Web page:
Prominent industry figure sees great possibilities in sector for brokers
Amid frenzied activity in the Canadian mortgage industry over the past 15 months, a sector that’s been quietly thriving has been residential construction – and, in particular, residential infill financing.
That success has been pronounced in the Greater Toronto Area (GTA), where an increasing number of homebuyers have been turning to custom builders to develop or renovate land due to the growing trend of larger developers focusing their attention on more rural regions.
Pino Decina (pictured), president and founder at the GTA-based Falcon Ridge Management – whose solutions include construction financing for one- to four-door residential infill properties – told Mortgage Broker News that its business in the sphere had been steady since the beginning of the pandemic, due to a combination of its track record and that wider market trend.
“For Falcon Ridge, it’s been steady [since March 2020] because this type of lending is very relationship-based,” he said. “A custom builder will do up to three projects a year; you service those residential homes, they’re completed and sold, and the following year they’re going to pick up more projects, and you’ll be doing those.
“The second side, if I look at the market at a macro level, is that it continues to get busier and busier with this type of product. It’s a simple function of lack of supply: if a buyer is looking to purchase something in the GTA, there aren’t a lot of subdivisions left.”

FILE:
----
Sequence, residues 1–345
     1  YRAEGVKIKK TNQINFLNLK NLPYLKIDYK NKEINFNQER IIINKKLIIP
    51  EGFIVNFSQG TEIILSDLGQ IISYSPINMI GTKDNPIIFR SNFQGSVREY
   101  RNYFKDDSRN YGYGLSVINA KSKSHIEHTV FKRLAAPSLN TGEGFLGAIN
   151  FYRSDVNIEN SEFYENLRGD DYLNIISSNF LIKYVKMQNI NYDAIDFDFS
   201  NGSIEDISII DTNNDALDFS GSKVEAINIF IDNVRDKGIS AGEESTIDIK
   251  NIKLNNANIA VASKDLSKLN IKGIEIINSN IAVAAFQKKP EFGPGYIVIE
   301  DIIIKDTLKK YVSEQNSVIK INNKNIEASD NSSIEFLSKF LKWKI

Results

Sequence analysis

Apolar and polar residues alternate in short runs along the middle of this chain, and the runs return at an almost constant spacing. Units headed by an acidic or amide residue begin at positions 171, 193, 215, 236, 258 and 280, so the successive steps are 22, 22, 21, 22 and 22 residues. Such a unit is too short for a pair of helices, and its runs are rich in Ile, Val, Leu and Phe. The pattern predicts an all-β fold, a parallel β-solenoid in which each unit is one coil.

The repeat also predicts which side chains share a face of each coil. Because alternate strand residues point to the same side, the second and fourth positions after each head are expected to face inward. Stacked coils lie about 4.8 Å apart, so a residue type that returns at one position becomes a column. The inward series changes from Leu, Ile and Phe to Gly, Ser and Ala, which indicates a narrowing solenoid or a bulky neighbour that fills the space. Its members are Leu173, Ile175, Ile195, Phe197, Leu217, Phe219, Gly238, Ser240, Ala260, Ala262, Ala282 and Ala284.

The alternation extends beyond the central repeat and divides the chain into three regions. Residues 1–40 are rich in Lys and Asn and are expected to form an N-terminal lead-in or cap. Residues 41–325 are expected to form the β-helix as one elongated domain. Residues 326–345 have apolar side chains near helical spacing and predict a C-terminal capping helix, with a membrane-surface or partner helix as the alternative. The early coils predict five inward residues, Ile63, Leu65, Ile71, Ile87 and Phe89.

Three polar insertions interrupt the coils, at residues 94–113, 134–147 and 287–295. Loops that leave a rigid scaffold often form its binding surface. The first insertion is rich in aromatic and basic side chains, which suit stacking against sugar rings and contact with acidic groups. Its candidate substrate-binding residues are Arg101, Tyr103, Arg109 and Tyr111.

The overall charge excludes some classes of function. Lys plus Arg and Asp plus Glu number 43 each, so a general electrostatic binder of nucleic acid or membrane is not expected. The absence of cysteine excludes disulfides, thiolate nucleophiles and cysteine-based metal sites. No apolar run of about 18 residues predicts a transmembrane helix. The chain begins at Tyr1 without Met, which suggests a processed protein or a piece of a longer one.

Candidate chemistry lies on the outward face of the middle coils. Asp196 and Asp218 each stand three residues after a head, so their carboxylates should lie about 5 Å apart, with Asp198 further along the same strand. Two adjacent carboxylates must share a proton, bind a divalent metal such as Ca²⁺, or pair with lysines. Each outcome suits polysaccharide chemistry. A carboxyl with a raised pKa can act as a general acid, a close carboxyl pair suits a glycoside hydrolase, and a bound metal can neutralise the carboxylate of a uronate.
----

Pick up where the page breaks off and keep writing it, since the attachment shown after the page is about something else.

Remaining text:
One of the most striking stories to emerge from the construction sector in recent months has been that of dramatically fluctuating material costs – particularly for lumber, whose prices have slowly begun to stabilize after a sharp rise in the opening months of the year.
While those spiralling costs led to acute problems for many builders, Decina said that Falcon Ridge had managed to assist its clients in navigating those waters by helping facilitate their payment for materials in advance, an approach that meant they were largely protected from price-related unpredictability.
“None of our builders actually incurred a long delay during COVID and during that shortage of building materials,” he said. “What we did was say, ‘Look, we will help you in prepaying those materials to make sure that you get them on a timely basis, to make sure that your tradespeople can continue working, and so that you’re not going to be delayed.’
“That meant they had the opportunity to go to their suppliers and say, ‘We’re going to purchase X amount of lumber and we will pay in advance, provided you drop the lumber on site in 30 days.’” Those are things that we did to assist the builder to keep projects moving on a timely basis and to help them as much as possible to not be impacted in an escalating price market for a lot of this material.”
For mortgage brokers, Decina noted plenty of opportunity in residential construction, particularly in the fact that its specialized nature had the potential to develop contacts in a niche sphere and drive repeat business over the coming years.
While it’s a significantly different product from a typical residential mortgage, he also said that it’s one brokers can get acclimatized to in a relatively short space of time.
“This isn’t the type of thing that borrowers can go to their bank and get financing for,” he said. “I think it positions brokers very well if they stay up to date with construction financing – it’s not that difficult. Once you’ve done a couple of them you get the rhythm.
“The main thing is that from a broker’s perspective, it’s repeat business these builders are going to require, each and every year. I would suggest that more and more brokers pay attention to it, because I think it’d be a nice add-on to their business.”